1869-1949 | Western Australia | Editor & Journalist
Irishman John Kirwan was a crusading editor of the Kalgoorlie Miner in the late 19th century when Western Australia’s eastern goldfields held a third of the vast State’s population and underpinned the economy. A passionate democrat, Kirwan inspired his readers to force reluctant Premier John Forrest to bring Australia’s western third into the national Federation in 1900. He learned his trade in Dublin, then emigrated to Brisbane, working in Sydney, country Victoria and Port Augusta before joining the WA gold rush as a journalist.
Cosmopolitan gold hunters brought radical ideas on republicanism, socialism and trade unionism to Australia’s west. Miners bitterly complained that the West Australian government used wealth from the gold boom to benefit distant residents of Perth, Fremantle and farming districts hundreds of kilometres away. They suffered from lack of basic services like clean water and were excluded from decision-making by an electoral distribution weighed heavily in favour of early settlers.
Hostility to Premier John Forrest’s conservative rule ran deep on the Goldfields. The notorious “ten-foot’ law banning alluvial miners from digging deeper than ten feet was a gift to big gold mining companies, sparking widespread unrest among miners in the late 1890s.
For the miners, Federation represented fairer political representation in Western Australia, affirming their links with friends and family in the eastern colonies. By 1899, opposition to the Forrest Government inspired moves for separation of the Eastern Goldfields from the rest of Australia, to create a new state in the desert called “Auralia”.
Kirwan’s fiery writing led to a petition to Queen Victoria to separate the Eastern Goldfields from Western Australia, if WA did not join the new national Federation. The miners sent their appeal to the Queen in a gold-mounted casket. Under pressure from London, Forrest finally agreed to a referendum, and more than half the Yes vote came from the Goldfields. Kirwan campaigned passionately and successfully for many other progressive causes, including a trans- Australian railway.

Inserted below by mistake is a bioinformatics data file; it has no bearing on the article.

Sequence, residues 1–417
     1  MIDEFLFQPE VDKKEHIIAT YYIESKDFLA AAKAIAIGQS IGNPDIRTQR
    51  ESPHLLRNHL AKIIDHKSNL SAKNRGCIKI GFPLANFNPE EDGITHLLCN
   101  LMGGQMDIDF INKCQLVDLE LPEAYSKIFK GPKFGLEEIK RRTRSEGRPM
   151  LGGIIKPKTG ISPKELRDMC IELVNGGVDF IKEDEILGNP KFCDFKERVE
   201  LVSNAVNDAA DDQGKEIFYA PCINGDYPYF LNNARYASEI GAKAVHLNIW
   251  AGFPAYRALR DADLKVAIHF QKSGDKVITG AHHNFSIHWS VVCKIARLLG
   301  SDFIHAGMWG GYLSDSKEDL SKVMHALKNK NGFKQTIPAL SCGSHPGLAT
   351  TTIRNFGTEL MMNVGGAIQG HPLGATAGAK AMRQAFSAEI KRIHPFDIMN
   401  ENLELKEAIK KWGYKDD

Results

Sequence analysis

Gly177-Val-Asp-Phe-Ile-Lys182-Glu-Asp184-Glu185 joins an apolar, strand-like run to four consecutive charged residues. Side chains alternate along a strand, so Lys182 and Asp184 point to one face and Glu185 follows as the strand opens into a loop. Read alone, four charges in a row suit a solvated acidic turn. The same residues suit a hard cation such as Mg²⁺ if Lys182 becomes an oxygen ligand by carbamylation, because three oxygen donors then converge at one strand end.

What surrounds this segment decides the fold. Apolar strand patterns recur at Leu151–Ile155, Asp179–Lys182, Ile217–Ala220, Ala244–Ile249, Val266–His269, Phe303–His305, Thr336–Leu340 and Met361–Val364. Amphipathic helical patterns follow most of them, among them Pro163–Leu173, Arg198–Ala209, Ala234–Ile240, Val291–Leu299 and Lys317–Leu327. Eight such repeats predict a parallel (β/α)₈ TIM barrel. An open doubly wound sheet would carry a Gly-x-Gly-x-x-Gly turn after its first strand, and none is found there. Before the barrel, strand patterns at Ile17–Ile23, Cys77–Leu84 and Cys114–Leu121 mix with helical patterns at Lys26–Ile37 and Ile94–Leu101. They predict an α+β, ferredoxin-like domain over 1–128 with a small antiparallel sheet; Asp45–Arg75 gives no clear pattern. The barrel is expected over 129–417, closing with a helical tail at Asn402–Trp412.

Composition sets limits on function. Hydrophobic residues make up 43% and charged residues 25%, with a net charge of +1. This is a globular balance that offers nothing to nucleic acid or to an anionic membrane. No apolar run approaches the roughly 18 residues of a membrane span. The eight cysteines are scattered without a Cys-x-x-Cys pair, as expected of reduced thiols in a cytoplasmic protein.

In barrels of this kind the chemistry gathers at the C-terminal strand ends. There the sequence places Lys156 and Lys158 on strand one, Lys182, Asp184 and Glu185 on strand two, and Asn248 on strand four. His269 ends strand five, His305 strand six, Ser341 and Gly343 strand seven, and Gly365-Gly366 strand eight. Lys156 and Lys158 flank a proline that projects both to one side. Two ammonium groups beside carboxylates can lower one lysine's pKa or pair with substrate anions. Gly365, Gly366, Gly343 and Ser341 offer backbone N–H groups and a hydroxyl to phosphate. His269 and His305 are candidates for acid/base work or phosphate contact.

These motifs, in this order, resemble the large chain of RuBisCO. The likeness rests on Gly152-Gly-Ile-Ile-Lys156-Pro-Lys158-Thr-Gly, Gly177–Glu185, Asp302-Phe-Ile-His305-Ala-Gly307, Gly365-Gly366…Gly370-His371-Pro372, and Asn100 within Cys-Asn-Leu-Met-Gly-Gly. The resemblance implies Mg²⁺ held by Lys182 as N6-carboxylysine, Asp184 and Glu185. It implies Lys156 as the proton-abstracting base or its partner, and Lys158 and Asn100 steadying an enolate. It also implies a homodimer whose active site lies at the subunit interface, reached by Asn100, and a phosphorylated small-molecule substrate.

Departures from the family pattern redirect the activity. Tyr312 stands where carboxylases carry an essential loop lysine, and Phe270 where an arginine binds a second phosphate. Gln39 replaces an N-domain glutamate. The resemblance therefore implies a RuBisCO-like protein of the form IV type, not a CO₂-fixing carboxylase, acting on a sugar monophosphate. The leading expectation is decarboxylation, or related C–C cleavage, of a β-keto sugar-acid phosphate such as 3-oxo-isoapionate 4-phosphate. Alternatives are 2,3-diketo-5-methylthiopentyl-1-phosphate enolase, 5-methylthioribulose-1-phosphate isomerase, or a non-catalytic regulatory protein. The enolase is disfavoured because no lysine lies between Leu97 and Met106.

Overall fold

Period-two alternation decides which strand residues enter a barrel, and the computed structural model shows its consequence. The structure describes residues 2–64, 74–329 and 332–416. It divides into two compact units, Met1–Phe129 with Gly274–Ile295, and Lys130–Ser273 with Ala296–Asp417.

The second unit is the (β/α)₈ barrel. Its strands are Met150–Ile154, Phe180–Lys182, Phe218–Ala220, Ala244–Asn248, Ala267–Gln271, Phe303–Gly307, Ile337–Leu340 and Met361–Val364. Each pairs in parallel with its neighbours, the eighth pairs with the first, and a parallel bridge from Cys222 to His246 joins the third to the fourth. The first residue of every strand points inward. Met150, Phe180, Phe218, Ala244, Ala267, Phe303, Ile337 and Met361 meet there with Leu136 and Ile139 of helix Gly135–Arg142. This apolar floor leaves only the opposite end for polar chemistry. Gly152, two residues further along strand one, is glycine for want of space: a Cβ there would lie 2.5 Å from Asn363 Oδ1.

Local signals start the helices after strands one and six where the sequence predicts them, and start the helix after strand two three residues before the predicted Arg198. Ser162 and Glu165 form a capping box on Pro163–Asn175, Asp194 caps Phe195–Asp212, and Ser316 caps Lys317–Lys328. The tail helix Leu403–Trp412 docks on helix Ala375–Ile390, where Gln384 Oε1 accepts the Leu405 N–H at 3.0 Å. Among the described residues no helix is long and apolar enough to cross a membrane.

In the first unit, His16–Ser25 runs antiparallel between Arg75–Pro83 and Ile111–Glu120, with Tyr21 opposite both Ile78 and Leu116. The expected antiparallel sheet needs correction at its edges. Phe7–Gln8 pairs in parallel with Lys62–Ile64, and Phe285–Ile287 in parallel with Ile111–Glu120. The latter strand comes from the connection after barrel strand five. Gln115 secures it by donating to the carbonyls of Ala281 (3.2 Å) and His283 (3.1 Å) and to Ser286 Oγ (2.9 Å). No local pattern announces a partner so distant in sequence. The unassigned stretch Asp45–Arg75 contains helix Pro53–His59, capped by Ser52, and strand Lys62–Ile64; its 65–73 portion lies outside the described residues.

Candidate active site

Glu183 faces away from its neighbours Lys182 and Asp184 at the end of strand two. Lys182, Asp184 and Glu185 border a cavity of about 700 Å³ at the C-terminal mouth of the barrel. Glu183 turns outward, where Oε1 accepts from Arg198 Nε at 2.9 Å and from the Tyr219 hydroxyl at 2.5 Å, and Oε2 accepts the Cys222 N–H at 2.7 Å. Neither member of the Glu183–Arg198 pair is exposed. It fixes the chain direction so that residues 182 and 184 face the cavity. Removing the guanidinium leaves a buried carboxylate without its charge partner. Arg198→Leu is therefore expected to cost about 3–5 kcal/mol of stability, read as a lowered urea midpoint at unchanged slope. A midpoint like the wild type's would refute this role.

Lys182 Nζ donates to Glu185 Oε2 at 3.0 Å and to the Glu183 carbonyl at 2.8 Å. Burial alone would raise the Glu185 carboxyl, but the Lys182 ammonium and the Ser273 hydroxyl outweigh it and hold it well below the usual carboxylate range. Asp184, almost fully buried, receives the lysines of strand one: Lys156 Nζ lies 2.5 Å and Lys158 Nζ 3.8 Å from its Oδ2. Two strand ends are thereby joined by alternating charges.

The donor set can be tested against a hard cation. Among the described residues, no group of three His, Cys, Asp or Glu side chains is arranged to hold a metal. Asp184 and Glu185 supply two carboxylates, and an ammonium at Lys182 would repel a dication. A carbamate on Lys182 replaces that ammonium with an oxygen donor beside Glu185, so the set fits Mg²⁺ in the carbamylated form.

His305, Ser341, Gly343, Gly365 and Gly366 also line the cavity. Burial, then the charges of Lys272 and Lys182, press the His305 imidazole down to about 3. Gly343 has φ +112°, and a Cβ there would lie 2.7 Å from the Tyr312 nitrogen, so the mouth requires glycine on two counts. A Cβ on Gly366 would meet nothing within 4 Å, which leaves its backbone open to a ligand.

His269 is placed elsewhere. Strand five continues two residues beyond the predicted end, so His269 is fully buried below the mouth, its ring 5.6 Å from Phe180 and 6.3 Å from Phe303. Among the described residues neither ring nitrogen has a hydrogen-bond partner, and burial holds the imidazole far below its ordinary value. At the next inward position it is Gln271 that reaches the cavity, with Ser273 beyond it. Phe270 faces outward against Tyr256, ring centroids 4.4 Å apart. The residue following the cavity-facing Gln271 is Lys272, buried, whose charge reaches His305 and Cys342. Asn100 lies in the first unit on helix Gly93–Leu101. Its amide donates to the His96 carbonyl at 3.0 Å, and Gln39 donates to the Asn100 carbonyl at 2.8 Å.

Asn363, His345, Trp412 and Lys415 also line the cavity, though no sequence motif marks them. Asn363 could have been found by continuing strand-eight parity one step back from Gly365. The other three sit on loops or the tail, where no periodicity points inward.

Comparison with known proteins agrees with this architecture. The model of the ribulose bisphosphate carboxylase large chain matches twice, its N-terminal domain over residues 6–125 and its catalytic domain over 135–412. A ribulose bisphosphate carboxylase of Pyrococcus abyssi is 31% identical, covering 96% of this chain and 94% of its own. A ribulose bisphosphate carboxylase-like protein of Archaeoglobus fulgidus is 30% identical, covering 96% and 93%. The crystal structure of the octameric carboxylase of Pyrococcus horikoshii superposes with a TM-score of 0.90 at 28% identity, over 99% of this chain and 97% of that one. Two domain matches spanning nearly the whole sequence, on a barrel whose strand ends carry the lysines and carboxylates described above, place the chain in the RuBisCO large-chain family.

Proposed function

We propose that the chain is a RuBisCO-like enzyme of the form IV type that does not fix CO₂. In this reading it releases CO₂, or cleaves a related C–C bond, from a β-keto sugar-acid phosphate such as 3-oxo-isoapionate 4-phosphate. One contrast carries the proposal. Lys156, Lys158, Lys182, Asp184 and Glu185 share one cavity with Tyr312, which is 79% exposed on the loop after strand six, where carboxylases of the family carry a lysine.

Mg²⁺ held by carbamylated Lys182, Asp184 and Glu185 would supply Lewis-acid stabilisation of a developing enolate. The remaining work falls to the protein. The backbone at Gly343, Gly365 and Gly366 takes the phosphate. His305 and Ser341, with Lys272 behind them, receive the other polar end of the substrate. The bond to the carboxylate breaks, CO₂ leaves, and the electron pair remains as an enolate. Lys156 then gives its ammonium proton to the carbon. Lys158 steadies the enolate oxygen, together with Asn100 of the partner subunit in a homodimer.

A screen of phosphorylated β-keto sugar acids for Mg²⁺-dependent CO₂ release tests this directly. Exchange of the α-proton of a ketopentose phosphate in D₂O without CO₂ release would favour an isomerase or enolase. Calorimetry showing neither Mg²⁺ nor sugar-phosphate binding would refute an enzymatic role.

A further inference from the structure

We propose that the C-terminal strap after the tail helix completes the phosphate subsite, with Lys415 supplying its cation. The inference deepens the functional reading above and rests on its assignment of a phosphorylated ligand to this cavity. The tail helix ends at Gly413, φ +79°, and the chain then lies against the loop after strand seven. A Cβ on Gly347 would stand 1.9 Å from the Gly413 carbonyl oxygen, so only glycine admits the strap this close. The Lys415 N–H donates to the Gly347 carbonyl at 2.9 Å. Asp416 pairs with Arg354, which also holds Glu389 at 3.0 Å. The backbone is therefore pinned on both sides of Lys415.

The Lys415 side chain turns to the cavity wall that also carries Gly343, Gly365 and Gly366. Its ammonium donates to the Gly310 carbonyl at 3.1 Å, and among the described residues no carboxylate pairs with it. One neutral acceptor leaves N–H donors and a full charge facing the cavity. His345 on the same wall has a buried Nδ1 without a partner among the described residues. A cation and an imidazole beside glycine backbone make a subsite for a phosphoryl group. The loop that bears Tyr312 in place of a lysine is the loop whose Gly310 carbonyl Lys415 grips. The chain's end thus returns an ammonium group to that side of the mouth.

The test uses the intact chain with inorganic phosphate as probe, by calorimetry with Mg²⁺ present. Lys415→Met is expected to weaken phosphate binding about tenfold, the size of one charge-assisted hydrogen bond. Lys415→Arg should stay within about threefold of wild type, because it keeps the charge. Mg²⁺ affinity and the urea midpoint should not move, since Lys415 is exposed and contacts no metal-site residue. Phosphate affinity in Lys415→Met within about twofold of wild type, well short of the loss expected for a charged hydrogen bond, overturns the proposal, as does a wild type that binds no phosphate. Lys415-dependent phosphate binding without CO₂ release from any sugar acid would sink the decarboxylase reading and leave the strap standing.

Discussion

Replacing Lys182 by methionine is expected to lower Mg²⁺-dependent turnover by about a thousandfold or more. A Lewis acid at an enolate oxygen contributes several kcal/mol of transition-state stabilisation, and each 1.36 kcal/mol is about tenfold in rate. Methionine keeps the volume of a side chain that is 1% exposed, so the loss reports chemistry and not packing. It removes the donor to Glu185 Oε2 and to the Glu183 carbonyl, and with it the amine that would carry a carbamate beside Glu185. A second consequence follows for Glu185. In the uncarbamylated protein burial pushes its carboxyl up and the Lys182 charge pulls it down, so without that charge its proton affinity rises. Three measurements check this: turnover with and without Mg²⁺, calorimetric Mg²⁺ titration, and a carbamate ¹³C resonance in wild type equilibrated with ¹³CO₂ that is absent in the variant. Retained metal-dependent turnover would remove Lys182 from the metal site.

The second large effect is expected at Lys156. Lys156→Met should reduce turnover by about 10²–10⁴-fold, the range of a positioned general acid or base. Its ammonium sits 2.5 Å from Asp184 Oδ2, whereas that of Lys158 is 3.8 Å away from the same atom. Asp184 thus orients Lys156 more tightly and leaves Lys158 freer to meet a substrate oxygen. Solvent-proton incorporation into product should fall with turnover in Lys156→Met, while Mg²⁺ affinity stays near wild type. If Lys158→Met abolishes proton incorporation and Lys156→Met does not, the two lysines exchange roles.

Most of the early prospectors and miners came to WA from across Australia as well as overseas. John Kirwan became a local hero through his brilliant reporting and editorialising in the daily Kalgoorlie Miner, informing Goldfielders of their political, social and legal rights.
He brought the spirit of a new age to the rest of West Australia, including its politicians 592 km away in Perth. He fostered and promoted progressive ideas to become a respected local leader, elected to the new Federal Parliament in 1900, at just 31 years old. He kept writing all his life, often recalling exciting early days on the Goldfields.
The lure of gold attracted tough adventurers. Some pushed wheelbarrows, others rode bicycles, some walked behind wagons carrying their belongings from the ports of Fremantle, Albany or Esperance. Afghans carriers drove camel teams, and later there was a horse coach service between the railhead at Southern Cross and Coolgardie’s golden Eldorado.
The loss of human life on the pioneering goldfields was cruelly high. Men died from starvation and thirst, lost in the dry, trackless bush. Typhoid, dysentery and scurvy were rife, and took a heavy toll on the gold prospectors. Kirwan told their stories, and recalled them in his lively autobiography My Life’s Adventure.
He wrote: “… In no part of the world perhaps did nature show a more harsh and inhospitable aspect than in the trackless, waterless expanses of the arid interior. Fever decimated the ranks of the prospectors, and many died of exhaustion and thirst. Notwithstanding hardships and dangers, the country around Coolgardie was explored for hundreds of miles and it was found that it was not a mere ‘goldfield’ that was discovered, but what could be characterised as a golden Continent…”